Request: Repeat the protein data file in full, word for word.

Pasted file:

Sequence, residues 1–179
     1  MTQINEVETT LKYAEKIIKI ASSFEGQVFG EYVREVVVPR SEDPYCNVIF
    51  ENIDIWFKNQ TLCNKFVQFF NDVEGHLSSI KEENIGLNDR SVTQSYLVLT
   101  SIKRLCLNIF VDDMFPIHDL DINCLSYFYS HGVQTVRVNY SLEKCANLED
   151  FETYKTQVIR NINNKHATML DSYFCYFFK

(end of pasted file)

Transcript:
Sequence, residues 1–179
     1  MTQINEVETT LKYAEKIIKI ASSFEGQVFG EYVREVVVPR SEDPYCNVIF
    51  ENIDIWFKNQ TLCNKFVQFF NDVEGHLSSI KEENIGLNDR SVTQSYLVLT
   101  SIKRLCLNIF VDDMFPIHDL DINCLSYFYS HGVQTVRVNY SLEKCANLED
   151  FETYKTQVIR NINNKHATML DSYFCYFFK